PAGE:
Press Release:  Legislation To Make VITA Permanent Passes Congress – Heads To President

For Immediate Release: June 17, 2019 –  Legislation To Make VITA Permanent Passes Congress – Heads To President
On Thursday, June 13 Congress passed a bill that will make the Volunteer Income Tax Assistance (VITA) program permanent. The bill, H.R. 3151 – The Taxpayer First Act, will now head to the President to be signed into law. On June 13th, over 60 United Way advocates visited Capitol Hill to advocate for key tax priorities including expanding the Earned Income Tax Credit (EITC) for workers not raising kids at home and young people ages 21 to 24. United Way of Forsyth County, Chief Impact Officer , Debbie Wilson, was among those advocating and she notes, “As the United Way of Forsyth County continues to fight poverty in our community, the EITC is very important; just last year $51.6 million in refunds came back into our community”

The passage of this legislation is a major win for the United Way network, and for millions of low and moderate income Americans.

VITA started 50 years ago, and since 2008 it has been classified as a demonstration pilot program – requiring an authorization from Congress every year. Now, the program will be permanently authorized.

380 United Ways fund, operate, or support VITA programs in their communities. And the VITA program as a whole prepared returns for 1.3 million people, bringing back $1.9 billion dollars to the pockets of working families in 2018.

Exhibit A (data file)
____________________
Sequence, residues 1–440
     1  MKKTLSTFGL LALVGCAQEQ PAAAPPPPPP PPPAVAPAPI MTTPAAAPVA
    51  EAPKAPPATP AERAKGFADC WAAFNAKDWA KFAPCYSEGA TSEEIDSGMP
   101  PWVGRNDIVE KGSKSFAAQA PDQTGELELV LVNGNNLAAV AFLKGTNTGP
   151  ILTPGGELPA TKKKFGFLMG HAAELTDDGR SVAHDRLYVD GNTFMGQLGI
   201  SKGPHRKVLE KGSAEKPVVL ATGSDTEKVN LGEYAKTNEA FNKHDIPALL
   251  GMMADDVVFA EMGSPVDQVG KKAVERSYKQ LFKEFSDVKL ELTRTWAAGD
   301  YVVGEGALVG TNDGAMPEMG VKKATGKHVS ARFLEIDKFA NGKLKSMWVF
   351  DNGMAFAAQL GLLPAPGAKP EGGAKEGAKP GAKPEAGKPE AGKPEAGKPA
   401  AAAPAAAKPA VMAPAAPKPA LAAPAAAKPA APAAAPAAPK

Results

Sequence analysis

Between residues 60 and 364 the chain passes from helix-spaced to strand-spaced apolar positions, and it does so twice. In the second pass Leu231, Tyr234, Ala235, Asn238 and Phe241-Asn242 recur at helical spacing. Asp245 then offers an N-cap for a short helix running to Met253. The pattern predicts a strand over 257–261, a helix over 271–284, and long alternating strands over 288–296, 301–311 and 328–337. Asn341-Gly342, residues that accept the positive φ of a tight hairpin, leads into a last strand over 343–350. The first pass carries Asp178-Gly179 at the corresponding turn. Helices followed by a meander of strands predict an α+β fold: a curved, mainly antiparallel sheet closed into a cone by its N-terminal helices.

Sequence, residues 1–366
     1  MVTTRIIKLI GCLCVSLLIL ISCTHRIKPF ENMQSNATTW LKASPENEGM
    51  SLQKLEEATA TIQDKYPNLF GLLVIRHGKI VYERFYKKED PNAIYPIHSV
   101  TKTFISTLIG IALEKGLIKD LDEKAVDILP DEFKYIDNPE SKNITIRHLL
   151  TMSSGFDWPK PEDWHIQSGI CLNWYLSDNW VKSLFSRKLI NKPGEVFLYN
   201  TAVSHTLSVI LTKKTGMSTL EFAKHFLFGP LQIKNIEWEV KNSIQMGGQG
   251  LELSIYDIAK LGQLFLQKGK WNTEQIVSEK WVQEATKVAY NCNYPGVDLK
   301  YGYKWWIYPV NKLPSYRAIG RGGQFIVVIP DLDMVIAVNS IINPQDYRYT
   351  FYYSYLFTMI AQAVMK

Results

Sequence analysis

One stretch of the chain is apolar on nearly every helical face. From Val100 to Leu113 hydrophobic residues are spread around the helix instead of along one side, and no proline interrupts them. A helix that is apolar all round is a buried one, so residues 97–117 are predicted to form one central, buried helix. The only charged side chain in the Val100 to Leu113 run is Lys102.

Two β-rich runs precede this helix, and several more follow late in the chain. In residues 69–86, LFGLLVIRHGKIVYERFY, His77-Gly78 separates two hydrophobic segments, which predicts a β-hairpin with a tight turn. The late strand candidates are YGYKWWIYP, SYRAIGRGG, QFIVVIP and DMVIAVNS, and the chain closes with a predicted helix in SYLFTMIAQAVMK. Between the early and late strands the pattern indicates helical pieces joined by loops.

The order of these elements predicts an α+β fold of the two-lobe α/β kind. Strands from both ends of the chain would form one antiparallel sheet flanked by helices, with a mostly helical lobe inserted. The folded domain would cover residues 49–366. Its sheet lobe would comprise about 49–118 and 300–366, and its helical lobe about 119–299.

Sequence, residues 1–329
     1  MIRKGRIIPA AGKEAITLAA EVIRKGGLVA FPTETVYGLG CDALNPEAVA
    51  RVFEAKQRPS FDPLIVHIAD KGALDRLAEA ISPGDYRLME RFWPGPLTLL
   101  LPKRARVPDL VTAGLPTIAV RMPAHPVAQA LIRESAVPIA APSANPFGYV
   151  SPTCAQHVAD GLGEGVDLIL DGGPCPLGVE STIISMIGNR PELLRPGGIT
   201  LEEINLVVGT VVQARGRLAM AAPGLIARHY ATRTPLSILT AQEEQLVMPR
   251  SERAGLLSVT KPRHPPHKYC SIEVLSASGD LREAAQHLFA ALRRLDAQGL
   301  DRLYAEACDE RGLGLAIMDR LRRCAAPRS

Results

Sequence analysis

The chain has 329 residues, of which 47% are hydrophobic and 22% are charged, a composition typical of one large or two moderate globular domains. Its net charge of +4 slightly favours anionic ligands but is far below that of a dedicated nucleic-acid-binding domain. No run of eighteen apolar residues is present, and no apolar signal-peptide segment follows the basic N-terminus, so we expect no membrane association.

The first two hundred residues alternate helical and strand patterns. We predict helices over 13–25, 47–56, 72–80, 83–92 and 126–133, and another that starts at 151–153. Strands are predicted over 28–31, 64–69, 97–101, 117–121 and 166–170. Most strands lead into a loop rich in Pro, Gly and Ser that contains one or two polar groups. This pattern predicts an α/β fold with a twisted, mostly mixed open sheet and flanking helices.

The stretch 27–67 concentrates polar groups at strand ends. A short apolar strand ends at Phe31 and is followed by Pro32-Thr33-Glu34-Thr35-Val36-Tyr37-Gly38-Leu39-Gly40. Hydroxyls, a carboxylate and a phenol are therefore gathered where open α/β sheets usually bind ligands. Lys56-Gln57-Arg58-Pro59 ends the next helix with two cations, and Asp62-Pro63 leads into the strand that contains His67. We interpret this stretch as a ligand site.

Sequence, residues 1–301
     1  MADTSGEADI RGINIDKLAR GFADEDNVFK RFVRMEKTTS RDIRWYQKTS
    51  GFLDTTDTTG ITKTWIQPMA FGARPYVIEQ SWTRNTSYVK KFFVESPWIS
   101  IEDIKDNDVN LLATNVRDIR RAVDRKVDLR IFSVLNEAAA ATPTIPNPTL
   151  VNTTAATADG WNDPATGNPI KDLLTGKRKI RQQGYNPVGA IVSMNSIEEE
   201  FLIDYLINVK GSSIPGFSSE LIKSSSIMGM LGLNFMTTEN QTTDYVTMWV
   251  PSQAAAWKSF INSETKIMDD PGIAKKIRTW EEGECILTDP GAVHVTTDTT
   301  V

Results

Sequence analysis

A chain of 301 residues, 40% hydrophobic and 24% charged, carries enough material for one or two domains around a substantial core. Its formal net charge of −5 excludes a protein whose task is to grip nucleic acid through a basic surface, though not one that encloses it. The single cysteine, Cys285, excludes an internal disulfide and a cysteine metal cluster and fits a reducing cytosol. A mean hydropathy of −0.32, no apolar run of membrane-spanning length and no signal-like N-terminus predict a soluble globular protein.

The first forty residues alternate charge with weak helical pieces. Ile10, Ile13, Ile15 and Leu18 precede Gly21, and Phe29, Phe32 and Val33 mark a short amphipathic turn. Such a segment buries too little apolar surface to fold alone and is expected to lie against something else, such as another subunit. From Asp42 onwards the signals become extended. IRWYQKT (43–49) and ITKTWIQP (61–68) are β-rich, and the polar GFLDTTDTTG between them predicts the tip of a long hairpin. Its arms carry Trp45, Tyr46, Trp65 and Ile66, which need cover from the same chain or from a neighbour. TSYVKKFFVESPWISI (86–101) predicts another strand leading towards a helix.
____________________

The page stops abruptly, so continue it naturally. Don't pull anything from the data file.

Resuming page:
Through VITA, IRS-certified volunteer tax preparers help individuals that earn less than $55,000 a year to claim refundable tax credits—the Earned Income Tax Credit (EITC) and Child Tax Credit (CTC). Recipients of these credits use the boost in income to pay for things like reliable transportation to work, childcare, or groceries. Children in families that receive the EITC tend to better in school, have a better chance of going to college and experience better health outcomes.

60 network leaders, many of whom represent VITA United Ways, were on the Hill on Thursday, June 13th as a part of the United Way Tax Policy Forum and Capitol Hill Day. They were there to advocate for this legislation, and to expand the refundable tax credits for many of the same folks who are VITA clients.

Legislation aimed at making the VITA program permanent has been introduced multiple times over many years. In some cases, those bills passed one chamber of Congress but never made it across the finish line.

By Caitlan Arenas Martinez

For more information about the United Way, visit www.forsythunitedway.org

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United Way of Forsyth County brings the community and its resources together to solve problems that no one organization can address alone.

5 Advocacy Wins We Accomplished Together In 2017

While 2017 was a challenging and politically divisive year, United Ways, partners and supporters stepped up to advocate for the communities we serve and managed to accomplish several policy wins to improve opportunity for all.

We would like to thank the United Way network for all the ways you advocated this year – Capitol Hill Days, letters to Congress, targeted outreach, site visits, social media and more. It made the difference. We will be calling on you to continue the fight in 2018 – particularly on tax reform and possible cuts to entitlement programs.

But, for now, we thank you for standing up and giving a voice to those we serve.

Here are just a few things we accomplished, with your help, this year:

1. Restored funding for the Volunteer Income Tax Assistance Program (VITA):